Why You Should be Playing Shapez.io | Review

If you like creating stuff, puzzles, or have enjoyed Factorio, I highly recommend shapez.io

Shapez.io is a game all about factories, which produce and combine various shapes that need to be delivered to the central hub: simple as that. There is a nice variety of machines that alter the default shapes to different, complex shapes required to progress to the next level, as well as an upgrade menu that can speed up your machines.


The levels are progressive, so you don’t lose any of your current machines. Instead, you’ll get new machines, new varieties, and new features (like the blueprint tool) for achieving the level’s goal. Upgrading the machines requires that you collect multiple shapes depending on the level.

The graphics and sound design are pretty simple, but let’s be honest: who plays automation games for the graphics and sound design? The important thing is the gameplay, which is engaging, simple, and fun. Each new machine and machine variety adds something new, and the blueprint tool allows for the creation of machines that can build other machines and distribution methods, like belts, splitters, and tunnels. Out of these machines you’re able to build EVEN MORE machines, quickly expanding the size and scope of your productions. It’s all about logistics, managing production lines, managing machines, and collecting those shapes!


The game is open-source and the developer, Tobias Springer, is actively involved in the community. For this reason, players have their suggestions reviewed and all feedback is taken into consideration where possible. The game is currently still in development with more than one update a week at the time of writing. Springer promises to release features like power management, custom maps and puzzles, a story mode, and more shapes to work around. There is also a great demo version available on the game’s website, with the steam link included.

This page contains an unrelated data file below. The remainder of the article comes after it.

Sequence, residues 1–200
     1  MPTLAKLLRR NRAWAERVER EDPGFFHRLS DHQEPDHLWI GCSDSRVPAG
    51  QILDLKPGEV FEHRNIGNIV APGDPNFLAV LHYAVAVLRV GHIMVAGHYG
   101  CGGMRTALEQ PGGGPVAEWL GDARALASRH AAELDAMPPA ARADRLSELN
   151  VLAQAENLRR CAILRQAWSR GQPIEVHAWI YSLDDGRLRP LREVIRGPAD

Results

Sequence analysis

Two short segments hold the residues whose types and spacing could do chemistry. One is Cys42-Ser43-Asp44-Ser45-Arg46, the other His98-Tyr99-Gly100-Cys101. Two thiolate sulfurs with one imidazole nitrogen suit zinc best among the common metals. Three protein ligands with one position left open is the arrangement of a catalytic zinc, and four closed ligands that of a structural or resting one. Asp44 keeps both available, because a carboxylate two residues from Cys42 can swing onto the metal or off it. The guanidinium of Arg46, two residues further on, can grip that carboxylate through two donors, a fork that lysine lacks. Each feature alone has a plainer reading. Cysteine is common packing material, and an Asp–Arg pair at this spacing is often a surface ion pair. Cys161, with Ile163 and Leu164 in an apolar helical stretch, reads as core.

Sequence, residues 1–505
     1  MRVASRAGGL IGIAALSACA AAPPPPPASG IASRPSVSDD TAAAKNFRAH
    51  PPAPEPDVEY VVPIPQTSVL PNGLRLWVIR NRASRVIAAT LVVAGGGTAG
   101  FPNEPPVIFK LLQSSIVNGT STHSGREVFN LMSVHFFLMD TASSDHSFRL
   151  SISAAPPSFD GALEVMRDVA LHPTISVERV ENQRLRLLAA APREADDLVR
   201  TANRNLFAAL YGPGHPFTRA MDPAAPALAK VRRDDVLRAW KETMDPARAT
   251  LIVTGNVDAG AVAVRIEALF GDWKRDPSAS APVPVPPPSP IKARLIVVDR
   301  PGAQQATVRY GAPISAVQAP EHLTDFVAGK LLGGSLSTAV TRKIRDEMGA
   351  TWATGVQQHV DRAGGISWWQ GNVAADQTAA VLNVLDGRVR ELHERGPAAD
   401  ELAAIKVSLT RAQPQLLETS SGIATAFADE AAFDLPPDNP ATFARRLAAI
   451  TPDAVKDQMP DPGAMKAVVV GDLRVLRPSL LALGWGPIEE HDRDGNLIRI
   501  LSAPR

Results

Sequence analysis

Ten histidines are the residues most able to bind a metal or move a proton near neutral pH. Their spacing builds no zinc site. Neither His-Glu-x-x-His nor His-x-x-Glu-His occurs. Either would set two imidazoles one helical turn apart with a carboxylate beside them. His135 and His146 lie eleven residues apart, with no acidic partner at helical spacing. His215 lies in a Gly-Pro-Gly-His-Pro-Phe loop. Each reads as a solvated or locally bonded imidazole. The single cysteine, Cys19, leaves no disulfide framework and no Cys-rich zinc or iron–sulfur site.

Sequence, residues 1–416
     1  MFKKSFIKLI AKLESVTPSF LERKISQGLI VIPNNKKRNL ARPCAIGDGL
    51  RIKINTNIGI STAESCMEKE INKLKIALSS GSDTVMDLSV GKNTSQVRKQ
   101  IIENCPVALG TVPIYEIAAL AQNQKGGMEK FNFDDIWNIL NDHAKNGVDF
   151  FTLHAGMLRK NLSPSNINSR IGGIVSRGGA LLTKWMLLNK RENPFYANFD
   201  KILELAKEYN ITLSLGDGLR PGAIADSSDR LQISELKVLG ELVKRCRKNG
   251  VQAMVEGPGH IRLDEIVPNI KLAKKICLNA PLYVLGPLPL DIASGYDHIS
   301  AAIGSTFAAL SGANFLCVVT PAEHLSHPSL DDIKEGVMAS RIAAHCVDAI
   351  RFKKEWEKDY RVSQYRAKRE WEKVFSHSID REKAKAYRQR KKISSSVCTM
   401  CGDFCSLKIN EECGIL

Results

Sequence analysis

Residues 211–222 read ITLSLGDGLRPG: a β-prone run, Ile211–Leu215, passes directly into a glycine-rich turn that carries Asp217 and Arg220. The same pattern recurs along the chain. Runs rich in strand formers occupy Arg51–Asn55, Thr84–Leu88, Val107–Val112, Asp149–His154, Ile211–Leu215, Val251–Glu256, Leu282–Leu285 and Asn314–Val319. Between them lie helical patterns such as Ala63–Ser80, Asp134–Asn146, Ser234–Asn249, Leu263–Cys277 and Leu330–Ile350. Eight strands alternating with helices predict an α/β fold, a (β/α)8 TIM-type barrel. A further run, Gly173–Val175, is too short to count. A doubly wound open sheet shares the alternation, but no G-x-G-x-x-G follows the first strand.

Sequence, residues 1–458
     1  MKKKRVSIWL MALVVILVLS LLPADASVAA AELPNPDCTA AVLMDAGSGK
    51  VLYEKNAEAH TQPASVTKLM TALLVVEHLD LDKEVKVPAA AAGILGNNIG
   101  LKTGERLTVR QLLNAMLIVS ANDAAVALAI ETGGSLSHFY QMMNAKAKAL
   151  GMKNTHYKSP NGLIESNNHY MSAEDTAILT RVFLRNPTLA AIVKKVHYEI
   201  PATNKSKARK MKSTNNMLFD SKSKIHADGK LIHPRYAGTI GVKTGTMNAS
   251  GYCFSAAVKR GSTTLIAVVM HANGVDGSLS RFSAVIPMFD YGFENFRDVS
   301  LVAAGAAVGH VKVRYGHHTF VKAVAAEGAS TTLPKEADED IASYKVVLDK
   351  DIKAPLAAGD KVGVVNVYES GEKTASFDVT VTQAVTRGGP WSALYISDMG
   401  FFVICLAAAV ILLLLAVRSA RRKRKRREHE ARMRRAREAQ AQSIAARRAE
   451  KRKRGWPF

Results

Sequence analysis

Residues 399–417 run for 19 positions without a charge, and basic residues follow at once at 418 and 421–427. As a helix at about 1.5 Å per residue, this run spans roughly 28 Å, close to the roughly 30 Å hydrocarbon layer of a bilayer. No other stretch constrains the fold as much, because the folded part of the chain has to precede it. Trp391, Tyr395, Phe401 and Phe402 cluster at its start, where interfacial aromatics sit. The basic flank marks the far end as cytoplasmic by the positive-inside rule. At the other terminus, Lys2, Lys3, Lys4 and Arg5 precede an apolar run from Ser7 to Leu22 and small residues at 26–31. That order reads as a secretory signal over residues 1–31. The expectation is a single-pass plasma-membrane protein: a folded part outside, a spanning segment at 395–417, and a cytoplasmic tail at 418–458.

If you’re interested, there’s also an alpha version of the not-yet-released power feature available. This simplifies the building of digital systems within the game by adding wires and the logic gates, the basic building blocks of any digital system. Upon browsing the discord server I spotted a working 8-bit calculator that was created in this version, so there’s lots of potential here and likely even more potential on release.

Source: kleshch#3109

The community for this game is dedicated. The discord features truth tables for the logic gates as well as the most efficient tileable machine systems, making it a worthy place to visit for tips and inspiration.

Source: Adr#3503
Source: Pithlyx#9458

The game does have a few glitches here and there, but in the 7 hours of playing, I haven’t seen anything possibly game-breaking, only some graphical issues. All this is to be expected with a game under progress from a single developer.

I’ve currently spent 7 hours on the game, and will probably spend many more in the near future. With regular new content, it’s hard to imagine staying away from this game for too long. It is important to note that Springer says the game’s price will increase from $3.99 to $5.99 once the power update is finished. If you have some spare change and love constantly evolving logistics-management games, I highly recommend Shapez.io. Even without new content, both prices are a great deal for the simple complexity and devoted community. If you’re not sure about the game or if it would be right for you, there’s always the demo available.


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